Dollars to Sense
46 million Gen Xers have little or no savings, but they do have voter registration cards.
Thursday, September 13, 2012
The electorate seems to be hungering for presidents in the mold of TR, FDR and LBJ – old-school leaders who painted ambitious visions of where America could go and why it should, who anticipated crises and challenges and explained why we had to act sooner rather than later.
The craving for leadership is evident in the polls. Though personally popular and enjoying the advantages of incumbency, President Obama is running neck and neck against Mitt Romney, an awkward candidate from a minority religion who has trouble connecting with, and is seen as out of touch by, ordinary voters.
What’s going wrong? Mainly, it’s the economy. Democrats say the president inherited the meltdown from Bush, but many Americans blame Obama.
“The nation’s painfully slow pace of growth is now the primary threat to Mr. Obama’s bid for a second term, and some economists and political allies say the cautious response to the housing crisis was the administration’s most significant mistake,” reports The New York Times. Obama’s big screw-up: “He tried to finesse the cleanup of the housing crash, rejecting unpopular proposals for a broad bailout of homeowners facing foreclosure in favor of a limited aid program – and a bet that a recovering economy would take care of the rest.”
IT’S STILL POSSIBLE FOR OBAMA (OR, THEORETICALLY, ROMNEY) TO GET AHEAD OF THE ECONOMY.
Recovery? What recovery?
The depressed housing market, coupled with the reduced purchasing power of tens of millions of Americans who lost their homes to eviction and/or foreclosure, makes recovery unlikely to impossible for the foreseeable future.
Many people warned that the millions of Americans who were evicted under foreclosure, many of them illegally, were more “too big to fail” than Citigroup. Some, like former U.S. Rep. Jim Marshall, D-GA, voted for TARP, but urged the Obama Administration to condition the bailout on forcing the banks to refinance mortgages and write down principal to reflect the new reality of lower housing prices. “There was another way to deal with this, and that is what I supported: forcing the banks to deal with this. It would have been better for the economy and lots of different neighborhoods and people owning houses in those neighborhoods,” Marshall says.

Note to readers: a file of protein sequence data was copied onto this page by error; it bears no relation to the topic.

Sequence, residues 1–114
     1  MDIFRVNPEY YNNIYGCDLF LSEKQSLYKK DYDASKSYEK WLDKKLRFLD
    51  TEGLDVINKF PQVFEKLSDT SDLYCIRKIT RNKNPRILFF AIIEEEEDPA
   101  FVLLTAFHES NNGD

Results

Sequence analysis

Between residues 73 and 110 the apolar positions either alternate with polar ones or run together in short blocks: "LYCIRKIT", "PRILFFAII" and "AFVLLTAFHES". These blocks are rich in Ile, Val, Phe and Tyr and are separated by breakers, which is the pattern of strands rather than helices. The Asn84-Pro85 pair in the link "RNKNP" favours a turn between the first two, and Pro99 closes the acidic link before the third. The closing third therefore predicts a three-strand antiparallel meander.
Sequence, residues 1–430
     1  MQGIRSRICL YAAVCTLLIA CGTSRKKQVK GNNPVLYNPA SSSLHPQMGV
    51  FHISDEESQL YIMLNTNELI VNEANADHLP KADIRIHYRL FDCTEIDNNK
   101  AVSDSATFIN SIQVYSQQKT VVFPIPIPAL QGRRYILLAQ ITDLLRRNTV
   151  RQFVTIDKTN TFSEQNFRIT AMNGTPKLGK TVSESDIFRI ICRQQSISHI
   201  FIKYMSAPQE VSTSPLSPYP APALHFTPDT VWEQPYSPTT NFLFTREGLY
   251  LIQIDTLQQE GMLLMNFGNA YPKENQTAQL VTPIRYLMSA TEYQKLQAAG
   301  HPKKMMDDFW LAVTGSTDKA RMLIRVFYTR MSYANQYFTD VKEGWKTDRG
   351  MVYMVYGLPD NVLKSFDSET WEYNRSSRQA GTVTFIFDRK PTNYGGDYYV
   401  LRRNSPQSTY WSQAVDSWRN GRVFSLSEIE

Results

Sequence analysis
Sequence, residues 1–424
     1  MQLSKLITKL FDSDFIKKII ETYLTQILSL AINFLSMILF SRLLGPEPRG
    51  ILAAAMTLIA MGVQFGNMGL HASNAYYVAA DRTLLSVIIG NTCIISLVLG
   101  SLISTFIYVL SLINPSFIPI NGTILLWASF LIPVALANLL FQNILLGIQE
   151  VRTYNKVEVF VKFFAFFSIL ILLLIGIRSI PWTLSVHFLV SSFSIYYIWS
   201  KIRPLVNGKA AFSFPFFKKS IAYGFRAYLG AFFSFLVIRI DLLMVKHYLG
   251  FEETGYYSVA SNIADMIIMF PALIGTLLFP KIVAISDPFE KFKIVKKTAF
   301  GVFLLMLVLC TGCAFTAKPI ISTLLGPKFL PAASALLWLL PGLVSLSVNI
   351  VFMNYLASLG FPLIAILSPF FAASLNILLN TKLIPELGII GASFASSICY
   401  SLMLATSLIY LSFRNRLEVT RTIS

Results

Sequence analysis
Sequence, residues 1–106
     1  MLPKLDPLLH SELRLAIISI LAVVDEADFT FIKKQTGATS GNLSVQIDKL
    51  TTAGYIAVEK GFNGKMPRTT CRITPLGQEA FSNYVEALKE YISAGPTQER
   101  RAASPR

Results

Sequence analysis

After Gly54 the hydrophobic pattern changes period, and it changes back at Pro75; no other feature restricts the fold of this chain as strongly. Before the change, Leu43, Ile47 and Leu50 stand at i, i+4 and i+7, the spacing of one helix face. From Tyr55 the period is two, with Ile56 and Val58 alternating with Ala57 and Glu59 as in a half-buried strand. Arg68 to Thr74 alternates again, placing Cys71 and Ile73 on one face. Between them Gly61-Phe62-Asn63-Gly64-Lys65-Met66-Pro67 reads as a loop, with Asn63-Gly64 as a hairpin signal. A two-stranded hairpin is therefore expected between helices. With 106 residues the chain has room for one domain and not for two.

Voters are pissed off because he ignored people who were smart and prescient in favor of those who were clueless and self-interested, like Tim Geitner. He may be about to pay a price for that terrible decision.
It’s too late to stop the 2008-to-2012 economic meltdown. But it’s still possible for Obama (or, theoretically, Romney) to get ahead of the economy – permanent unemployment benefits, anybody? – and other pressing issues.
Americans want leaders who point the way forward, to anticipate monsters we can’t yet imagine. For example, there is a huge looming crisis: pensions. In 10 to 15 years, Generation Xers will hit traditional retirement age. How will they eat?
Close to none have traditional defined-benefit pension plans. Gen Xers, who earn far less than the Baby Boomers at the same age, have been shunted into 401(k)s, which turned out to be a total ripoff. And much of that was withdrawn under penalty to subsist on after layoffs.
“[Gen Xers] have no savings. What they had was devastated by two market crashes,” said Andrew Eschtruth of the Center for Retirement Research. “They never got off the ground.”
If you’re 45 years old now and just beginning to save for retirement, financial planners say you should save 41 percent of your annual income. As if.
The Gen X retirement crisis represents 46 million people waiting for a savior – and 46 million potential votes.
TED RALL’s most recent book is Wake Up, You’re Liberal! How We Can Take America Back from the Right.